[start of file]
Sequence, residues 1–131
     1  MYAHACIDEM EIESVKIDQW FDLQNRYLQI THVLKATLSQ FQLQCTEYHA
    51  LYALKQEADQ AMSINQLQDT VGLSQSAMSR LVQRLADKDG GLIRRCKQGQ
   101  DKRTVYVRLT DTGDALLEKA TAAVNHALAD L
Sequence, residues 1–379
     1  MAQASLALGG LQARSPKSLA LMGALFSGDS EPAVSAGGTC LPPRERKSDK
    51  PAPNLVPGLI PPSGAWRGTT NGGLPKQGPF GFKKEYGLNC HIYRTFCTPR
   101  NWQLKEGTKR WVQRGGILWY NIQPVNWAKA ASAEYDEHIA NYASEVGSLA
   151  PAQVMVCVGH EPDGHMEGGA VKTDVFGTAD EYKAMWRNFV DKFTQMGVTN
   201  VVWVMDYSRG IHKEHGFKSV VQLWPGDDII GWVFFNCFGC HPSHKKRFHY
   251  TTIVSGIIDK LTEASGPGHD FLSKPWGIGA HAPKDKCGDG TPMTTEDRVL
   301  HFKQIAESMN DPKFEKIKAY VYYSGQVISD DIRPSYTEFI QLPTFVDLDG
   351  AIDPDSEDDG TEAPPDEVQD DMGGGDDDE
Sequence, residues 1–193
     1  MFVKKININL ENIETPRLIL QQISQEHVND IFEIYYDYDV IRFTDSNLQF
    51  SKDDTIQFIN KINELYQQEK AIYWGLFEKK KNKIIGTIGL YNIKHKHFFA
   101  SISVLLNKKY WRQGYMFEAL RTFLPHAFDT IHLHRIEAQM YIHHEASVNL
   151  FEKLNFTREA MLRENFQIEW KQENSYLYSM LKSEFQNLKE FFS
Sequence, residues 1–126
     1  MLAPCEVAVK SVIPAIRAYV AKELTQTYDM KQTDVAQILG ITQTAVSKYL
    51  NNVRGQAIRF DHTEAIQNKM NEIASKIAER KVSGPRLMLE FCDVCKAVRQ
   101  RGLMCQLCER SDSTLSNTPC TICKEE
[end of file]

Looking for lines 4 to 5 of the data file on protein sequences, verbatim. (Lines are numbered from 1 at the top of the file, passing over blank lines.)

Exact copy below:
   101  DKRTVYVRLT DTGDALLEKA TAAVNHALAD L
Sequence, residues 1–379